So….take a few minutes to check out the FDA’s proposed new labels.

If you have family and friends who smoke…show them the new labels… get their advice and then tell the FDA.

The FDA has given us all an opportunity to play an important role, individually and collectively, in fighting the nation’s leading cause of premature death and preventable illness. Stronger health warnings, especially if they are accompanied by the 1 800 QUIT NOW cessation number, can help more smokers get access to effective cessation medications and discourage thousands of young people from striking the first match of what can become a lifelong, life threatening addiction.

Lets get to work. Tell the FDA what you think.


E Ripley Forbes
Director, Government Affairs

Tuesday, November 9, 2010

"Best and Worst News for Prevention” is based on a purposive sample consisting of expert staff members who each week choose to share their opinions on the best and worst news for prevention.

BEST

Drinking Beet Juice Increases Blood Flow to Brain and May Fight Dementia


Drinking beet juice increases blood flow to the brain in older people, a finding that suggests the dark red vegetable may fight the progression of dementia, a new study shows.

Beet roots contain high concentrations of nitrates, which are converted into nitrites by bacteria in the mouth. And nitrites help open blood vessels in the body, increasing blood flow and oxygen to places lacking in oxygen.


WORST

Many Higher-Income Parents Forgoing Kids' Vaccinations: Report


Vaccination rates for children insured by commercial plans dropped almost four percentage points between 2008 and 2009, even though the rate of children on Medicaid getting vaccinated is rising.

"Rates had been gradually improving in the commercial plans. This was the first time we'd seen a drop -- and it was a pretty big drop," said Sarah Thomas, vice president of public policy and communication for the National Committee for Quality Assurance, which recently released its annual State of Health Care Quality report.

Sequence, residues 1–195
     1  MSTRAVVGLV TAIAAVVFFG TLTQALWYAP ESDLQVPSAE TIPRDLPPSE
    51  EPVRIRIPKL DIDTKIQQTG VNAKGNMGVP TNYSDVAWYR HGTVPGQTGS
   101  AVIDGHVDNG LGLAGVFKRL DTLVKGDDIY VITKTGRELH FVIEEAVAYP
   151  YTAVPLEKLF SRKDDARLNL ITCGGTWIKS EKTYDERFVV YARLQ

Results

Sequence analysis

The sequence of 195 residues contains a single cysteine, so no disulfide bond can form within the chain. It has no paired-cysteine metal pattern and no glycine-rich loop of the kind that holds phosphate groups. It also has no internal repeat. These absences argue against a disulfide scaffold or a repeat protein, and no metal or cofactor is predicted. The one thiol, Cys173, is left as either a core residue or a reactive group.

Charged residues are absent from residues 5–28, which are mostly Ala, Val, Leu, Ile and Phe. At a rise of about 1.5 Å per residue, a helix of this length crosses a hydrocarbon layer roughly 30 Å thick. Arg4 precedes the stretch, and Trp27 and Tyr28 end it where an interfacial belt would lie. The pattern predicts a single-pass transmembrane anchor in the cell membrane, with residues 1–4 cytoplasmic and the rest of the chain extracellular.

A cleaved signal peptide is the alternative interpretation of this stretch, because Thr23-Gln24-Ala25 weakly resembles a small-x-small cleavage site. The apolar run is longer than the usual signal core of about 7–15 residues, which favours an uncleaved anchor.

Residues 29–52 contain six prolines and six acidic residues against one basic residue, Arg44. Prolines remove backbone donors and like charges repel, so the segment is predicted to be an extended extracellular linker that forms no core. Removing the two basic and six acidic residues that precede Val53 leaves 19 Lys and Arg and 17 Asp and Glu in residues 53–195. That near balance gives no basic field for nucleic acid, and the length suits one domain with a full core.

The “Best and Worst” awards are announced each week in “Prevention Matters,” the blog of Partnership for Prevention. "Best and Worst News for Prevention” is based on a purposive sample of expert staff members who each week choose to share their opinions on the best and worst news for prevention. More information is available at http://www.prevent.org/.

The Nevada ActionToQuit state summit was held in Reno on October 21, 2010. Led by the American Lung Association in Nevada, the summit brought together a diverse group of stakeholders to develop a state plan to reduce tobacco prevalence in Nevada by improving access to cessation treatments.

The summit opened with the State Health Officer as the keynote speaker to set the tone for the event. As noted by the keynote and other presenters, Nevada has a smoking prevalence rate of 21.5%. And of those smokers surveyed, 75% of them wish to quit. For every dollar Nevada spends on providing tobacco cessation treatments, it has an average potential return on investment of $1.31.